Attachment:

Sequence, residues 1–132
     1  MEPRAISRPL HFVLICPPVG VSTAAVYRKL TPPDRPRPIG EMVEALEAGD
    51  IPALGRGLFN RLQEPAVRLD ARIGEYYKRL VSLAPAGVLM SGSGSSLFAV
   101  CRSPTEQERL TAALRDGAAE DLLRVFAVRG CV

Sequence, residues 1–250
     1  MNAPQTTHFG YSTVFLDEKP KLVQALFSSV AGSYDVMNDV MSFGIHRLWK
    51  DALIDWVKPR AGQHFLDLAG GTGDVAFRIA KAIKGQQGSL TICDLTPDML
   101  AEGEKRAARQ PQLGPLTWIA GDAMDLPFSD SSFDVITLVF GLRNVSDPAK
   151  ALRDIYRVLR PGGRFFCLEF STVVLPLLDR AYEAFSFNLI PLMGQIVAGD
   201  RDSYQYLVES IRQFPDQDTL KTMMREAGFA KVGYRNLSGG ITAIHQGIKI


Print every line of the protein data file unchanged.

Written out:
Sequence, residues 1–132
     1  MEPRAISRPL HFVLICPPVG VSTAAVYRKL TPPDRPRPIG EMVEALEAGD
    51  IPALGRGLFN RLQEPAVRLD ARIGEYYKRL VSLAPAGVLM SGSGSSLFAV
   101  CRSPTEQERL TAALRDGAAE DLLRVFAVRG CV

Sequence, residues 1–250
     1  MNAPQTTHFG YSTVFLDEKP KLVQALFSSV AGSYDVMNDV MSFGIHRLWK
    51  DALIDWVKPR AGQHFLDLAG GTGDVAFRIA KAIKGQQGSL TICDLTPDML
   101  AEGEKRAARQ PQLGPLTWIA GDAMDLPFSD SSFDVITLVF GLRNVSDPAK
   151  ALRDIYRVLR PGGRFFCLEF STVVLPLLDR AYEAFSFNLI PLMGQIVAGD
   201  RDSYQYLVES IRQFPDQDTL KTMMREAGFA KVGYRNLSGG ITAIHQGIKI